The only real moving water was tight against the bank and under overhanging bushes making presentation a tricky business.

 

In the end I really enjoyed the fishing, it was super tough and all the fish were taken with near impossible casts under the bushes, courting disaster with every flex of the rod. I took four really nice grayling on a tiny mayfly brassie and half a dozen trout, some of reasonable size. The browns all took the dry and the grayling all took the nymph.
It was difficult and at the same time fun fishing.

A Beautifully marked Irfon Brown Trout

On the way back to Builth Wells and my accommodations I got lost again, this time in thick mist and went ten miles out of my way, but I figure in a new place getting lost is part of the adventure. There was plenty of petrol in the tank and no real time limits so what was there to worry about?

As a finale ,when I got back to Pwllgwilym Cottages, Richard, the owner, was watering his plants. Bear in mind that it hasn’t stopped with the heavy mist for the whole day, I had to have a quiet laugh to myself. Richard tells me that “The mist isn’t enough for the plants”.. I suppose he should know,, but a month back people in Cape Town were having a shower with less water than Richard’s Bougainvillea got from the mist .

This is farmland and unfortunately I interrupted junior’s milk break.

For all that it is lovely here, I am well looked after by Richard and Jane at Pwllgwilym Cottages, there are miles of fishing waters within driving distance and , with the exception of the idiot ignoring a Give Way sign in his Alpha Romeo and accusing me of speeding, everyone has been helpful, gracious and polite. Tomorrow I am on another tributary and it may well prove to be as low and as tricky as today. Actually I don’t really care, I have caught enough fish, but the challenge is what drives me on.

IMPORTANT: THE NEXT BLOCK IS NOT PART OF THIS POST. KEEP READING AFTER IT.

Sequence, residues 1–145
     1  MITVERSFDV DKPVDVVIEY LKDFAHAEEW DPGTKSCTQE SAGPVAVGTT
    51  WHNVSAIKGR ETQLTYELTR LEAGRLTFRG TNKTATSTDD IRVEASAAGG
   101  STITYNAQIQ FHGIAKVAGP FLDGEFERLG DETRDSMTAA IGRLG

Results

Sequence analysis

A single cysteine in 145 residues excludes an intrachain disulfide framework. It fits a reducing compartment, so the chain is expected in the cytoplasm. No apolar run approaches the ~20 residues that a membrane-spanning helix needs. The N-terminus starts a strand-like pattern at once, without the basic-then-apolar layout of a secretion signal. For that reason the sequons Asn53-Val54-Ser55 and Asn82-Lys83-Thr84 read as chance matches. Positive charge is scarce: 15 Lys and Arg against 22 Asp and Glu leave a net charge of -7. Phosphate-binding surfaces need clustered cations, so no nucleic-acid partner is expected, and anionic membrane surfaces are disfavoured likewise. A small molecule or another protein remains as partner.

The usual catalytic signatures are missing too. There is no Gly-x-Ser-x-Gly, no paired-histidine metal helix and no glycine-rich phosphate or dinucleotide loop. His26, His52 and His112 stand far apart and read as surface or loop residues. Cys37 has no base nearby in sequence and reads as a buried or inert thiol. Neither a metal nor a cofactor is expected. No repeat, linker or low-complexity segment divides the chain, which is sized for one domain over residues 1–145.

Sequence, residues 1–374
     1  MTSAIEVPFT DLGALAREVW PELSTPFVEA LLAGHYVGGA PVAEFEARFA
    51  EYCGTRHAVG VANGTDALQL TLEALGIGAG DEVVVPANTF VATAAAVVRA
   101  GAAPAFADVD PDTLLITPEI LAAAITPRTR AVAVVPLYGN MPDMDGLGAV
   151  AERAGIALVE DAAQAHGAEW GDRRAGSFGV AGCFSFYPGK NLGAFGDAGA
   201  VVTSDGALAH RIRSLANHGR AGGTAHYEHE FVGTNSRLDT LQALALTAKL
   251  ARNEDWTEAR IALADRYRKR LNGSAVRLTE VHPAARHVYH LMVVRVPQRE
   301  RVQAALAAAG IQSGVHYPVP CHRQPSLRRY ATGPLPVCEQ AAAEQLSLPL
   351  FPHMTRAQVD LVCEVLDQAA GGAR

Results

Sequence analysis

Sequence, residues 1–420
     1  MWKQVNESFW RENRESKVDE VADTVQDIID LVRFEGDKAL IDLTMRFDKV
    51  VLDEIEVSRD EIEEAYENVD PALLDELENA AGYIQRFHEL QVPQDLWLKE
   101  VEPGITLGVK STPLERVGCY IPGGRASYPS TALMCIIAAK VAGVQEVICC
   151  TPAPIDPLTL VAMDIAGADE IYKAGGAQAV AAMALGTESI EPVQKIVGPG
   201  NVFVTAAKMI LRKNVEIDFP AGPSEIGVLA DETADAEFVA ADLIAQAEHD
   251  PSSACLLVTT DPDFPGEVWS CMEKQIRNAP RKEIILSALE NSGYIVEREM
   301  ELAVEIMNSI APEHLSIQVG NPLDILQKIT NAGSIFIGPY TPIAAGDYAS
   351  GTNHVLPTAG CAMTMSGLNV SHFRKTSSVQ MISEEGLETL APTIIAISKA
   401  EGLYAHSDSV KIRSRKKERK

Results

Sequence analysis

Of course, all the fish were released unharmed.

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2 Responses to “Colonel’s Water”

  1. Paul , E. (Ernst) (NFP) Says:

    Thanks Tim..really enjoyed reading this..makes me appreciate how easy it is to find your beat and catch fish on the Smalblaar! ☺

  2. retsdon Says:

    Enjoying your odyssey Tim. Incidentally, Permafloat was dreamed up by old Fred Buller who also owned Chubbs of Edgeware, where I worked for a few months back in the late 70s. Amongst other tasks was that of bottling Permafloat, which we did from a great jar fitted up with a pub optic. After that the labels were slapped on by hand. It was all very cottage industry. I don’t know what became of it – probably breached a whole raft of Health and Safety regs. The fumes were pretty heady!
    Gordon